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Document Max. Freq Min. Freq
Polybius, Histories 310 0 Browse Search
P. Vergilius Maro, Aeneid (ed. Theodore C. Williams) 138 0 Browse Search
Richard Hakluyt, The Principal Navigations, Voyages, Traffiques, and Discoveries of the English Nation 134 0 Browse Search
M. Tullius Cicero, Orations, The fourteen orations against Marcus Antonius (Philippics) (ed. C. D. Yonge) 102 0 Browse Search
John Conington, Commentary on Vergil's Aeneid, Volume 2 92 0 Browse Search
Diodorus Siculus, Library 90 0 Browse Search
C. Julius Caesar, Commentaries on the Civil War (ed. William Duncan) 86 0 Browse Search
Cornelius Tacitus, The History (ed. Alfred John Church, William Jackson Brodribb) 70 0 Browse Search
P. Vergilius Maro, Aeneid (ed. John Dryden) 68 0 Browse Search
Pausanias, Description of Greece 66 0 Browse Search
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Browsing named entities in P. Ovidius Naso, Metamorphoses (ed. Brookes More). You can also browse the collection for Italy (Italy) or search for Italy (Italy) in all documents.

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P. Ovidius Naso, Metamorphoses (ed. Brookes More), Book 15, line 252 (search)
o the Centaurs, those strange mortals double-limbed, bathed in the stream wounds which club-bearing Hercules had made with his strong bow.—Yes, does not Hypanis descending fresh from mountains of Sarmatia, become embittered with the taste of salt? “Antissa, Pharos, and Phoenician Tyre, were once surrounded by the wavy sea: they are not islands now. Long years ago Leucas was mainland, if we can believe what the old timers there will tell, but now the waves sweep round it. Zancle was a part of Italy, until the sea cut off the neighboring land with strong waves in between. Should you seek Helice and Buris, those two cities of Achaea, you will find them underneath the waves, where sailors point to sloping roofs and streets in the clear deep. “Near Pittheaan Troezen a steep, high hill, quite bare of trees, was once a level plain, but now is a hill, for (dreadful even to tell) the raging power of winds, long pent in deep, dark caverns, tried to find a proper vent, long struggling to attain <
P. Ovidius Naso, Metamorphoses (ed. Brookes More), Book 15, line 680 (search)
countenance he placed his mighty body in the Ausonian ship, which plainly showed the great weight of the god. The glad descendants of Aeneas all rejoiced, and they sacrificed a bull beside the harbor, wreathed the ship with flowers, and loosed the twisted hawsers from the shore. As a soft breeze impelled the ship, within her curving stern the god reclined, his coils uprising high, and gazed down on the blue Ionian waves. So wafted by the favoring winds, they came in six days to the shores of Italy. There he was borne past the Lacinian Cape, ennobled by the goddess Juno's shrine, and Scylacean coasts. He left behind Iapygia; then he shunned Amphrysian rocks upon the left and on the other side escaped Cocinthian crags. He passed, near by, Romechium and Caulon and Naricia; crossed the Sicilian sea; went through the strait; sailed by Pelorus and the island home of Aeolus and by the copper mines of Temesa. He turned then toward Leucosia and toward mild Paestum, famous for the rose. He co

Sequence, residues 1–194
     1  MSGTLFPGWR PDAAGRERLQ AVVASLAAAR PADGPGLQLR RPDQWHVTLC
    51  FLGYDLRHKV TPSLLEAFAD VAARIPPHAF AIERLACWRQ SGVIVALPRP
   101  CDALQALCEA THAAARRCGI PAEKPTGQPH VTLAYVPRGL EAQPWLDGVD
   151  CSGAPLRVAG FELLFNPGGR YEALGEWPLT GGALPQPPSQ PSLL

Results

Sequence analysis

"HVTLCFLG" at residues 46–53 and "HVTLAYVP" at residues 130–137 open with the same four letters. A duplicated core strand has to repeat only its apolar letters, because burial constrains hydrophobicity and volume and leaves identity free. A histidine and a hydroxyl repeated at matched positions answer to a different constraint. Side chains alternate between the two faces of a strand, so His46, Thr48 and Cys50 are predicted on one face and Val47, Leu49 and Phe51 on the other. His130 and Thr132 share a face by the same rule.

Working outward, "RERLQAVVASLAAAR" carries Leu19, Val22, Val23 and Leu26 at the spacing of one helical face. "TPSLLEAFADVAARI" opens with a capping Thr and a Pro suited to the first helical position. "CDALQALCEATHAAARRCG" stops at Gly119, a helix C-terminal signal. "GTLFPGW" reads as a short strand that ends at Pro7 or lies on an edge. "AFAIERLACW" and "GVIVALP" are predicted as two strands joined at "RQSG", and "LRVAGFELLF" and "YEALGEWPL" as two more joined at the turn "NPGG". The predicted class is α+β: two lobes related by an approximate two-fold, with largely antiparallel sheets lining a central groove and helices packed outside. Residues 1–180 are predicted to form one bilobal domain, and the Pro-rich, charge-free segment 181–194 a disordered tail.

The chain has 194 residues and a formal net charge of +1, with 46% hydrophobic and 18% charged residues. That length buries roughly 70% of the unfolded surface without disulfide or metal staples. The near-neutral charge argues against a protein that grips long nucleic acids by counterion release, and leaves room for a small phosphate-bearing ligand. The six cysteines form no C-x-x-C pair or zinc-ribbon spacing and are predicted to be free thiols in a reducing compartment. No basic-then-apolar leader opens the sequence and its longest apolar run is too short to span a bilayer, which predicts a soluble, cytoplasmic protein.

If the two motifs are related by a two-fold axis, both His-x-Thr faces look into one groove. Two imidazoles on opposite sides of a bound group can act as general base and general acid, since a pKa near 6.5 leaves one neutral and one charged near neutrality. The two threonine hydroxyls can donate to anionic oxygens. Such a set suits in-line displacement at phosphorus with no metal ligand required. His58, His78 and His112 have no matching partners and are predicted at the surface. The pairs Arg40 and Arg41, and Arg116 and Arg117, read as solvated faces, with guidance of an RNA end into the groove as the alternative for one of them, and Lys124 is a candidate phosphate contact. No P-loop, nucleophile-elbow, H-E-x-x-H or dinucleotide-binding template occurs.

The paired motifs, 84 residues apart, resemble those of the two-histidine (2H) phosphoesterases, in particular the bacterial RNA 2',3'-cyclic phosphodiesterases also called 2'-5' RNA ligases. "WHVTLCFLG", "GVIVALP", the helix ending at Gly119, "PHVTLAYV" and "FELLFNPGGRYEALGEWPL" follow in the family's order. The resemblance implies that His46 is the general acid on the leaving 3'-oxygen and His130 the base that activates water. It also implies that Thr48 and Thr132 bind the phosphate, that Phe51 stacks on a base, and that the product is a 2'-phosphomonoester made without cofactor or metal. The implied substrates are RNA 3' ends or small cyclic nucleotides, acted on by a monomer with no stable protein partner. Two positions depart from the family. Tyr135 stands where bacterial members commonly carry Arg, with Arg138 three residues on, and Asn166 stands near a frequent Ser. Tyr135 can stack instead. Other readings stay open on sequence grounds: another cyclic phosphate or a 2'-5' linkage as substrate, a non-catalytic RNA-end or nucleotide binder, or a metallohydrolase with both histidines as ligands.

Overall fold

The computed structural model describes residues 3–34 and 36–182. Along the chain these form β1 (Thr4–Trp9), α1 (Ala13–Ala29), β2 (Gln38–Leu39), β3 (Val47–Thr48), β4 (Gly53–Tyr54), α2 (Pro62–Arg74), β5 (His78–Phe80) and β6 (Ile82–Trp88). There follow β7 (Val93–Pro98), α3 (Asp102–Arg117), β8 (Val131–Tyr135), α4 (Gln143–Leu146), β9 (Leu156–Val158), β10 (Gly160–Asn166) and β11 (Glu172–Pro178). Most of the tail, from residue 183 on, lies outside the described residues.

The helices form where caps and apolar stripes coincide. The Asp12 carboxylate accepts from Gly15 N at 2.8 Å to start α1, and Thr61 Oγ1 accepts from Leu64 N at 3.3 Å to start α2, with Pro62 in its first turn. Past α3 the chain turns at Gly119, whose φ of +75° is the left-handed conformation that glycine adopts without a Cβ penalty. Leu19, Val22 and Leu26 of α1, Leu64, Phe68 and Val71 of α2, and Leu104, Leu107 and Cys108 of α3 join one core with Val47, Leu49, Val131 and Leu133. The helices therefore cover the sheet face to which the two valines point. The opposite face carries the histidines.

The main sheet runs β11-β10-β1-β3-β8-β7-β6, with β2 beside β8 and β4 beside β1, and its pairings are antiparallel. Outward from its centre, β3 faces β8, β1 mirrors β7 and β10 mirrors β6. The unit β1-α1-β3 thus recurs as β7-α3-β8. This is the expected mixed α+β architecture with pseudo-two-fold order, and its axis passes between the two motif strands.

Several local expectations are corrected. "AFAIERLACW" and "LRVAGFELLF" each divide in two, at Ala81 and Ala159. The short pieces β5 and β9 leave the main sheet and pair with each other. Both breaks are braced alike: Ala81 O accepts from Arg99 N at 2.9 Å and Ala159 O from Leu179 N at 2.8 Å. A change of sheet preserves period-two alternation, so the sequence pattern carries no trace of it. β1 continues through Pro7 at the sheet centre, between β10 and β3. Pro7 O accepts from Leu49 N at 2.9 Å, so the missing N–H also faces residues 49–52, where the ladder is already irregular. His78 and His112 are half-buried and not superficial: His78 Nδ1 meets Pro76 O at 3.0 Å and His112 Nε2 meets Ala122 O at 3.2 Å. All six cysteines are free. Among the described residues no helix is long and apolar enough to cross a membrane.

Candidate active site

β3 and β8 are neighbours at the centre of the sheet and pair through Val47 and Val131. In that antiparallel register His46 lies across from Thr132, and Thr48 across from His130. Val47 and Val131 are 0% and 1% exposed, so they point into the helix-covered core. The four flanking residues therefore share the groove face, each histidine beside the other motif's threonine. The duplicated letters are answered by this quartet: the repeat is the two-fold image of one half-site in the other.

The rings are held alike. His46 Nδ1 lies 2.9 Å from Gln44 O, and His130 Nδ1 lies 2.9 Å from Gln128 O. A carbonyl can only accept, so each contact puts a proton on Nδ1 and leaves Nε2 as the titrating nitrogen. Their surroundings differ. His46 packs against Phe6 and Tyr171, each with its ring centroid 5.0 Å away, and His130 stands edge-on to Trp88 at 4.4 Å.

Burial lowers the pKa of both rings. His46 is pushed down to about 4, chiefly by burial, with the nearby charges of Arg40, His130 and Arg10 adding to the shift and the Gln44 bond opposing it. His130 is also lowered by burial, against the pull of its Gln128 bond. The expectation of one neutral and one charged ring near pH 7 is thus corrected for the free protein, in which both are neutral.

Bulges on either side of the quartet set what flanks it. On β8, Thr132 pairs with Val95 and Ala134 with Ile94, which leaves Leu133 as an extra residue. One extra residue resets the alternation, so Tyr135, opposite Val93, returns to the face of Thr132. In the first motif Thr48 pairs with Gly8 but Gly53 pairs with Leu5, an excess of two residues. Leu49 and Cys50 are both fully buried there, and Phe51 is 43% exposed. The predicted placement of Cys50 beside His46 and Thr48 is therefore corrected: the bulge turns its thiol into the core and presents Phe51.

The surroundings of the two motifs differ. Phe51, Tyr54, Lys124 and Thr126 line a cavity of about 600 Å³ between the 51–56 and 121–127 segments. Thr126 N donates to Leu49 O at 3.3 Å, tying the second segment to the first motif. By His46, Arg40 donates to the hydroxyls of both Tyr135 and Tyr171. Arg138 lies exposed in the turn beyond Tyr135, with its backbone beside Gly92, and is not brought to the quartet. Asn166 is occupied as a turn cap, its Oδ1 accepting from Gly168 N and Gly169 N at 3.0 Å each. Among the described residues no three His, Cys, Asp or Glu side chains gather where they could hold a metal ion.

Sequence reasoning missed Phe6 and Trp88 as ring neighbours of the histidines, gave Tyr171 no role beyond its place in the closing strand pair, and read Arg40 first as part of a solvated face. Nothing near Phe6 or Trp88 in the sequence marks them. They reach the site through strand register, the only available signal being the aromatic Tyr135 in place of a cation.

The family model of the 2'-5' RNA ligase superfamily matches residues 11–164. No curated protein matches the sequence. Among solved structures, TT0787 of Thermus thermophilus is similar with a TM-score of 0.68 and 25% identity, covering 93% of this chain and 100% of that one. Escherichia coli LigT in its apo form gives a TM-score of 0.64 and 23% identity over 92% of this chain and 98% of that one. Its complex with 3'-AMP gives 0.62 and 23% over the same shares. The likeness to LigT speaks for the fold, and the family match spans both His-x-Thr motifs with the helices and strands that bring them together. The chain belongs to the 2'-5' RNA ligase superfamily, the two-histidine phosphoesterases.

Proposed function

P. Ovidius Naso, Metamorphoses (ed. Brookes More), Book 15, line 745 (search)
own desire and in that one point disobeyed his will. And so great Atreus yields to greater fame of Agamemnon, Aegeus yields to Theseus, and Peleus to Achilles, or, to name a parallel befitting these two gods, so Saturn yields to Jove. Now Jupiter rules in high heavens and is the suzerain over the waters and the world of shades, and now Augustus rules in all the lands— so each is both a father and a god. Gods who once guarded our Aeneas, when both swords and fire gave way, and native gods of Italy, and Father Quirinus— patron of Rome, and you Gradivus too— the sire of Quirinus the invincible, and Vesta hallowed among Caesar's gods, and Phoebus ever worshipped at his hearth, and Jupiter who rules the citadel high on Tarpeia's cliff, and other gods— all gods to whom a poet rightfully and with all piety may make appeal; far be that day—postponed beyond our time, when great Augustus shall foresake the earth which he now governs, and mount up to heaven, from that far height to hear his